SASKATOON, Sask. — Trevor Yuise has been behind the wheel professionally for over 30 years, the last six of which have been as a car hauler for Jack Cooper Transport out of Saskatoon. But in the days of Covid-19, he is running into a unique problem when he completes deliveries to automotive dealerships.
“They don’t want to inspect my loads when I deliver,” he says.
“If there is any damage to the vehicle, if anything is missing like a key fob during that 48-hour period, it’s on me.”– Trevor Yuise
“I have to load the vehicles, so I have been inside them. They are worried I may be infected or have been exposed to Covid-19. They do have 48 hours to inspect the vehicles and they are wanting me to make my drops at night, giving them the time to inspect. If there is any damage to the vehicle, if anything is missing like a key fob during that 48-hour period, it’s on me.”
The challenges as a car hauler don’t end there, as Covid-19 spreads.
“Dealerships are closing down, car factories are closing and laying off. If there are no cars to haul, then there is no need for car haulers,” he says. “Our industry lives and dies by rail. If there are no cars coming by rail, there is nothing to haul by truck. I could be looking at a layoff within days.”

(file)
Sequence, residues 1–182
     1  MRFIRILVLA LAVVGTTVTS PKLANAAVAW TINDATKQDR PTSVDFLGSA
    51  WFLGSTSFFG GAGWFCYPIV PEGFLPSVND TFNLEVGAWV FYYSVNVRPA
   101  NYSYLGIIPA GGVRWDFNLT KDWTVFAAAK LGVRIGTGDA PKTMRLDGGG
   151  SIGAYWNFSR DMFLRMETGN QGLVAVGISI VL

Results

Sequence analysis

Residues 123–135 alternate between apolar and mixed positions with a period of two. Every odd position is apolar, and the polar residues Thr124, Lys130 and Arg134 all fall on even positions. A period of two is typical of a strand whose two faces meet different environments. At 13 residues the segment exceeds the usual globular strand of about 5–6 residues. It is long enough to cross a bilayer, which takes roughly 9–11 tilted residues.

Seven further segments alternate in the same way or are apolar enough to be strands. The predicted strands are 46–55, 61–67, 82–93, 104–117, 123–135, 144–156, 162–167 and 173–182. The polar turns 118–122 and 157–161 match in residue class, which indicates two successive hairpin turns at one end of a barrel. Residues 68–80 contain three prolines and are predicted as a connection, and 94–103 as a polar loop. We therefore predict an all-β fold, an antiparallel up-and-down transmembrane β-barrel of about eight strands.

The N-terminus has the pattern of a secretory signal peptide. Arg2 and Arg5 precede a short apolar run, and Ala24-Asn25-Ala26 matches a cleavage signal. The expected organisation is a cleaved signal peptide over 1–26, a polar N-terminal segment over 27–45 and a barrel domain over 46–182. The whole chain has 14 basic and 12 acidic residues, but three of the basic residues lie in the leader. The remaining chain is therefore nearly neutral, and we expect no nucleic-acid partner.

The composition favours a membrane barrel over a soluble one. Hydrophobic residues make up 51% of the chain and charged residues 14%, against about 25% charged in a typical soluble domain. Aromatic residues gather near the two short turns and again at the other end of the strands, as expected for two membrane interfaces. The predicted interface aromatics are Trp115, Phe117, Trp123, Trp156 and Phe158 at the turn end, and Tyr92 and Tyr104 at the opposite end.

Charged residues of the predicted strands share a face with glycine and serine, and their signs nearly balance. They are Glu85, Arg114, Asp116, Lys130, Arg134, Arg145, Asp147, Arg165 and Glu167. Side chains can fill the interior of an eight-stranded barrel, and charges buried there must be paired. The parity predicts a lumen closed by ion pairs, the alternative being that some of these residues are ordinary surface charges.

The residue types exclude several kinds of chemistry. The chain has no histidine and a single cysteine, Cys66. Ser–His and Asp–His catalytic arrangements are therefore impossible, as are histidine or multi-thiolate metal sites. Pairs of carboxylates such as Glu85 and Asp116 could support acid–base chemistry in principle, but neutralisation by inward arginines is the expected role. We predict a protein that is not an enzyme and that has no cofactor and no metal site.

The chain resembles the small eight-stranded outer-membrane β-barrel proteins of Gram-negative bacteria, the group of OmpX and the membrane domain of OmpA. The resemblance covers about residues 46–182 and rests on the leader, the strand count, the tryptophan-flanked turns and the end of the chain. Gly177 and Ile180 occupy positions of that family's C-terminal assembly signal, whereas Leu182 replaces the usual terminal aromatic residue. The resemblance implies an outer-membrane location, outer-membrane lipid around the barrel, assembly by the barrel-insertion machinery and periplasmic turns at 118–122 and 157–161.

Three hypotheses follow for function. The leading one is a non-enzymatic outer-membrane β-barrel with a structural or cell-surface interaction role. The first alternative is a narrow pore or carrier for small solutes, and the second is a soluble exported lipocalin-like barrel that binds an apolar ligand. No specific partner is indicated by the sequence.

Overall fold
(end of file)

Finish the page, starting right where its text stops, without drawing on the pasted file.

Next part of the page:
Yuise has personal expenses like everyone else. Recent promises of Covid-19-related financial relief from the federal government and the country’s six major banks should offer some relief.
“I can probably get by, but I will be looking for something else if the times comes when there are no cars to haul,” he says. “I have only been unemployed for a short time since I started driving. I will find something.”
For now, he’s still on the road.
One positive thing he’s noticed is that Canadians are looking at truck drivers in a different light.
“It seems they are getting a wakeup call on where things come from. I think, they used to take us for granted,” he says. “They went to the stores and the shelves were full. There was never a shortage. Now, there is, and they have started to think about where the stock comes from. The people who work 9-to-5, do not realize, truckers are out there day and night. It takes me three hours to load, then I drive until my E-log is spent.”
He was surprised when he was delivering in Northern Manitoba and was approached by a stranger who had heard information being relayed on CBC Radio about problems the truckers were facing.
A man walked up to my truck and offered to go and buy me a cup of coffee,” he said. “I sure did appreciate it. That’s never happened to me before.”
This is one in a series of articles describing truck driver experiences amid the fight against Covid-19.
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